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Padilla Trial Opens In Miami

The trial of suspected al Qaeda operative Jose Padilla opened Monday with federal prosecutors arguing the U.S. citizen and two co-defendants were key players in a terror support cell that provided equipment, money and Islamist fighters to extremist groups around the world.

"The defendants were members of a secret organization, a terrorism support cell, based right here in South Florida," Assistant U.S. Attorney Brian Frazier told jurors in his opening statement. "The defendants took concrete steps to support and promote this violence."

Attorney Jeanne Baker, representing co-defendant Adham Amin Hassoun, called the prosecution's case "a totally false picture."

While Hassoun, a 45-year-old Palestinian, had strong political opinions and was "a big talker," his sole aim in providing support for groups overseas was to assist oppressed, persecuted and needy Muslims, Baker said.

"He was helping to protect and defend Muslims from murder. That is not an intent to commit murder. That is just the opposite," she said.

Lawyers for Padilla and his other co-defendant are scheduled to deliver their opening statements later Monday.

Prosecutors and defense attorneys have spent months battling over issues ranging from torture allegations to the meaning of "jihad." They pored over classified material and Arabic translations and traveled overseas to interview witnesses and spent weeks picking a jury.

If convicted, the three defendants could face life in prison. The trial is expected to last into August.

Padilla, a 36-year-old former Chicago gang member and Muslim convert, has been in federal custody since his 2002 arrest at O'Hare International Airport. He was initially accused of plotting to detonate a radioactive "dirty bomb" in the United States and held for 3 1/2 years as an enemy combatant at a Navy brig, but those allegations are not part of the Miami indictment.

He was added to the Miami case in late 2005 amid a legal battle over the president's wartime powers of detention involving U.S. citizens. His lawyers had fought for years to get him before a federal judge.

In court Monday, Frazier told the court that Padilla agreed to be recruited by Hassoun as a prospective mujahedeen fighter to be trained by al Qaeda in Afghanistan.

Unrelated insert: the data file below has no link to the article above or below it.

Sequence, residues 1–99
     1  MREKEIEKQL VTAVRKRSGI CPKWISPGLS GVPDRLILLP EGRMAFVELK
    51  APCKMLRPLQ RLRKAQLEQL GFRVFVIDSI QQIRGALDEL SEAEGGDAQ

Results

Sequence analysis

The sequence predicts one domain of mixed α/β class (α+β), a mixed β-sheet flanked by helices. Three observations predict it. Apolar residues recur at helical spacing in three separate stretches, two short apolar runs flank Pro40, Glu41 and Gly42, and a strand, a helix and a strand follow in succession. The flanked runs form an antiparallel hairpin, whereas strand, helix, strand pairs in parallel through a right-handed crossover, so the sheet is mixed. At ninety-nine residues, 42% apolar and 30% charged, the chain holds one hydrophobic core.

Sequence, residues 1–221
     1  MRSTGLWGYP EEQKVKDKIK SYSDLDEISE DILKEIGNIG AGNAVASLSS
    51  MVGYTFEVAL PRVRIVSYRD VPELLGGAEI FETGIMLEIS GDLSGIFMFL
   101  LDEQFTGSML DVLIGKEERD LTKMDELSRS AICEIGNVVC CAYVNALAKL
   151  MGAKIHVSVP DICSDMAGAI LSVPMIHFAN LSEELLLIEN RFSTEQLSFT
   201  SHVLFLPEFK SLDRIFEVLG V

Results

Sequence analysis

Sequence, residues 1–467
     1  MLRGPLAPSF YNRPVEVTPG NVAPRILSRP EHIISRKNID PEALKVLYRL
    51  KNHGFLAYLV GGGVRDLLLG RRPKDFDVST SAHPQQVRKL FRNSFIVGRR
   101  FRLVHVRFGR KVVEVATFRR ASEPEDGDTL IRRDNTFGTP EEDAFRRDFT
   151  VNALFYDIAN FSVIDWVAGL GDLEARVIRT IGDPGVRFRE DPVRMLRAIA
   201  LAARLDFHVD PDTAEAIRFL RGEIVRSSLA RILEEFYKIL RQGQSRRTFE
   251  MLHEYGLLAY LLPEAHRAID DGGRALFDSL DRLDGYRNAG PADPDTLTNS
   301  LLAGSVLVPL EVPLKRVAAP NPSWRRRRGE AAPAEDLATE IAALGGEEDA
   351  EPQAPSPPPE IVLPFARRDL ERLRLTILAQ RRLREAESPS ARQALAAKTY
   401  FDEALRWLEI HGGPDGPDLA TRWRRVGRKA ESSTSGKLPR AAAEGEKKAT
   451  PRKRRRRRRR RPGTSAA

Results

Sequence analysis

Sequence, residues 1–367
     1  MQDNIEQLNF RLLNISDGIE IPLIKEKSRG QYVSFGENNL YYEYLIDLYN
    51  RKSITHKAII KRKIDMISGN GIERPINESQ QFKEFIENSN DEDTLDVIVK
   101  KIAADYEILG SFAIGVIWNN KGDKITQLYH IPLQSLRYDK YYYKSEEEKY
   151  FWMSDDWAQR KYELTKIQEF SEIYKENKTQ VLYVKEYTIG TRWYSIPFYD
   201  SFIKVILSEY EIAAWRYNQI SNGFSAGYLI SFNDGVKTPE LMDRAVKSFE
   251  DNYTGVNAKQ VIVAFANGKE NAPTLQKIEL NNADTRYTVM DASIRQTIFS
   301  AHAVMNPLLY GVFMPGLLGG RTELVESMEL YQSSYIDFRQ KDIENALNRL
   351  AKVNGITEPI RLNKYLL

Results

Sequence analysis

"Jose Padilla was an al Qaeda terrorist trainee providing the ultimate form of material support — himself," Frazier said. "Padilla was serious, he was focused, he was secretive. Padilla had cut himself off from most things in his life that did not concern his radical view of the Islamic religion."

Hassoun and the third defendant, Kifah Wael Jayyousi, 45, provided other Islamist fighter recruits, military equipment and money for conflicts in Lebanon, Chechnya, Somalia and other global hot spots, often using Islamic charitable organizations as a conduit, Frazier said.

The defendants sought separate trials, but their motions were denied by U.S. District Judge Marcia Cooke. She ruled the government had ample evidence that the three were connected in a conspiracy, with Hassoun and Jayyousi as jihadist recruiters, fundraisers and suppliers and Padilla as one of their recruits.

To prove a conspiracy, prosecutors will have to show that each of the three was involved in at least one act to provide material support to extremist groups.

In Padilla's case, a key piece of evidence is an application to attend an al Qaeda training camp in Afghanistan that prosecutors say he completed in July 2000. They also say it bears his fingerprints.

Defense lawyers will seek to raise questions in jurors' minds about the authenticity of the form, whether Padilla actually completed it himself and if there might be an alternative explanation for the presence of the fingerprints.

"The crimes he has been charged with pale in comparison to the initial allegations," said University of Miami law professor Stephen Vladeck. "This is a far cry from being a major front in the government's war on terrorism."

For Hassoun and Jayyousi, who were under FBI surveillance for much longer than Padilla, the keys may include the jurors' interpretations of hundreds of phone calls intercepted with wiretaps, the purpose of various money transfers, and the meaning of items in Jayyousi's newsletter.

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